Friday, September 19, 2008

Actually, I Think Many Comics Would Be Better with Glosses

I would like to greet those of you wandering over from Quod She. Well, actually, I would like to greet everybody (hello, everybody), but the Quod She people are special because they are our first linked medievalists. Yes, 'tis true: Japes for Owre Tymes has broken out of the online comics community and expanded into the much, much smaller online medievalist community.

Now we just have to liberate Geoffrey Chaucer from Newgate, and we'll be all set.

Beetle Bailey started up in 1950. It was actually originally a strip about university students, but six months after it began, the protagonist enlisted in the army, and the university characters and setting were dropped forever. Ever since, Sarge has been beating Beetle up, Killer has been seducing women, and Brigadier General Halftrack has been lusting after his busty secretary while cringing away from his large, unhappy wife. As with many strips created billions of years ago and still going today, Beetle Bailey is somewhat resistant to change. The residents of Camp Swampy haven't, oddly, even acknowledged that anything is going on in Afghanistan or Iraq; they seem content to train perpetually (sometimes, apparently, with real land mines).


This strip contains several horrors, the chief of which is not the man-wolf Sarge but the sight of Killer in his boxers, which seem to be covered with tiny black hearts. However, the whole thing really does have the feel of a medieval allegory. What does it signify that Beetle sees himself as a hybrid sheep/man? Why are there two of him? Is he morally or emotionally split? What happens if the Sarge-wolf catches only one of the Beetle-sheep? Which half of Beetle is Sarge out to kill? Sarge himself is singular. Is his wolfish exterior meant to identify him with the devil? Is Beetle losing his faith? What will we do if Beetle loses his faith?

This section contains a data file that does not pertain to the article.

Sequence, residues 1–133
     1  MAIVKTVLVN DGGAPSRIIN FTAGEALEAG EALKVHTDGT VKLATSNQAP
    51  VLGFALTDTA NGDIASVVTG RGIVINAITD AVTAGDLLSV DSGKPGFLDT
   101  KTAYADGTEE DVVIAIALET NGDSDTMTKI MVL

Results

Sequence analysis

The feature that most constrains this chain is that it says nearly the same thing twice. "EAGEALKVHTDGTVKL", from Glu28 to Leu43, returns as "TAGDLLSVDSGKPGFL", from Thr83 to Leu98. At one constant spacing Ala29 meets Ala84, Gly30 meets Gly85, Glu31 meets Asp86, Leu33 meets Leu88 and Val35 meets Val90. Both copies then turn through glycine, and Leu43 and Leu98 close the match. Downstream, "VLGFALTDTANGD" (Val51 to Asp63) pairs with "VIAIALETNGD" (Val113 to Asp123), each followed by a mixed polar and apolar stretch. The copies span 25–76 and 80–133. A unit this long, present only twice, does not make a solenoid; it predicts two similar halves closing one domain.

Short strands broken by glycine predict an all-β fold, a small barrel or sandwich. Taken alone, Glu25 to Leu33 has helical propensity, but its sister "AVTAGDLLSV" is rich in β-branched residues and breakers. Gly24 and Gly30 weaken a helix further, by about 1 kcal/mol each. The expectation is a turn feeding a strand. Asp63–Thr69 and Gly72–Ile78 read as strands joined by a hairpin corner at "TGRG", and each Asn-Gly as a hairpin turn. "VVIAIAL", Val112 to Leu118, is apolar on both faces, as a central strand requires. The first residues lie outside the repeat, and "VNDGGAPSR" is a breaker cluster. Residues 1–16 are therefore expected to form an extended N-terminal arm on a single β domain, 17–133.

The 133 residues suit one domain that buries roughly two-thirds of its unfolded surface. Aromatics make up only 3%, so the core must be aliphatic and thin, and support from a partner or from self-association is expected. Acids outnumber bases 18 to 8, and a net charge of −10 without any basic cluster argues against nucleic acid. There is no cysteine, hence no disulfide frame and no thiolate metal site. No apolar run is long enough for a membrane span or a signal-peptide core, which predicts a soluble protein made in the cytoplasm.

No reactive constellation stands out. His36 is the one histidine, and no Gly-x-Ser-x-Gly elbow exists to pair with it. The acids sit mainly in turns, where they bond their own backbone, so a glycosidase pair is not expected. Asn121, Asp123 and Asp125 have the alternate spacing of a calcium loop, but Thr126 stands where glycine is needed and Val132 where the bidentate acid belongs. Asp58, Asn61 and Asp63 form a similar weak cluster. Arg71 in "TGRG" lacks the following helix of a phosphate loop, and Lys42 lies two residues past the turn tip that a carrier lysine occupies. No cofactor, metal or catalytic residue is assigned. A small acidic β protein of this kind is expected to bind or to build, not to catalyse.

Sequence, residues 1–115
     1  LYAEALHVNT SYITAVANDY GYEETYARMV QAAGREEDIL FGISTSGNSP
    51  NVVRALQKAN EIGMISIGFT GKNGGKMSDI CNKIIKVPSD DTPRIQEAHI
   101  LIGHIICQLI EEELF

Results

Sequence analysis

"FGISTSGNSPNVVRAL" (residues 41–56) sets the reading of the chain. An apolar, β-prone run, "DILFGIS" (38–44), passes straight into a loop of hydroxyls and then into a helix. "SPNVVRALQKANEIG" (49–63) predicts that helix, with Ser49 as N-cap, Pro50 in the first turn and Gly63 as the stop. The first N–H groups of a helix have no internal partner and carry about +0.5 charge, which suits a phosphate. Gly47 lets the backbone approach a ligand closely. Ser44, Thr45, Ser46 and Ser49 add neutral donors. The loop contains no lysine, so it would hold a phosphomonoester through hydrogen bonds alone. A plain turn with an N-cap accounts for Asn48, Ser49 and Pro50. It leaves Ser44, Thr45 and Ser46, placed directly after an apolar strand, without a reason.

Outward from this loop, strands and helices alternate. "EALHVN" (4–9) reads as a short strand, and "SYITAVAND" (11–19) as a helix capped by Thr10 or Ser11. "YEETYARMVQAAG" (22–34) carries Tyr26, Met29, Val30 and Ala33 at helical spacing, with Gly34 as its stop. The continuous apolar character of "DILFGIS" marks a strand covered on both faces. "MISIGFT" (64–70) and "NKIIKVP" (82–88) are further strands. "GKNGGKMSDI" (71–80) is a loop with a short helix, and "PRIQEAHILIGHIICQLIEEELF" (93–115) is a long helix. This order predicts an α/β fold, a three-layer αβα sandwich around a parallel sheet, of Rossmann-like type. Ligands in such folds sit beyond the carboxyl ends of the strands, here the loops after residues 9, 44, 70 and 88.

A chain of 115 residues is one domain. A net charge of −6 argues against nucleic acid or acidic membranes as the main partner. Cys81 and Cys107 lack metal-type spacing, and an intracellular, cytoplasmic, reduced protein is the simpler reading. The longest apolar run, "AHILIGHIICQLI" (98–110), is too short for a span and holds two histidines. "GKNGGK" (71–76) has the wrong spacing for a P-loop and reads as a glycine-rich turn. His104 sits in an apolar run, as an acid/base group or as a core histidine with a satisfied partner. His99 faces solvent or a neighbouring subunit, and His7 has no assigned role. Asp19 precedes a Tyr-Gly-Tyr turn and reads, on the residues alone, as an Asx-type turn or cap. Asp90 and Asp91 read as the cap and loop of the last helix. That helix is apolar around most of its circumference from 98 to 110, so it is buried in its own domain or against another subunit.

So many questions. So...many...

P.S.: That's Wycliffe's translation of the Bible verse. What a contemptible Lollard ich am...


Wanders said...

This is my favorite so far. Please keep up the great work.

Lea said...

I love this blog so much.

Also I remember you from the PhD Comics forums! Though you probably don't remember me (I used the handle strangebrooch and did not post for long, because not long after I started, my adviser died and I lost the heart for the sort of conversation that went on there).

Anyway, Middle English-based humor makes the world a far happier place.

Angry Kem said...'ve found me out, Lea. Your handle does sound familiar, actually, though possibly only because of the existence of Strange Brew (could it be that you too are Canadian?).

I'm sorry to hear about your adviser's death, and I can see why the Ph.D. forums would have seemed less appealing after such an event.

Take care...and yes, hurrah to all Middle English humour. Some people may not quite get it, but we shall care not.

Lea said...

I am not Canadian, but I did grow up in Detroit, which is close to Canada! The handle is actually a reference to Richard II 5.5 though.

Angry Kem said...

...And Strange Brew, which is a bizarre Canadian version of Hamlet, is a reference to the line from Shakespeare. I just can't think of the one without immediately connecting it with the other.

Now I remember you better, since I think a discussion quite like this one happened on the forum as well.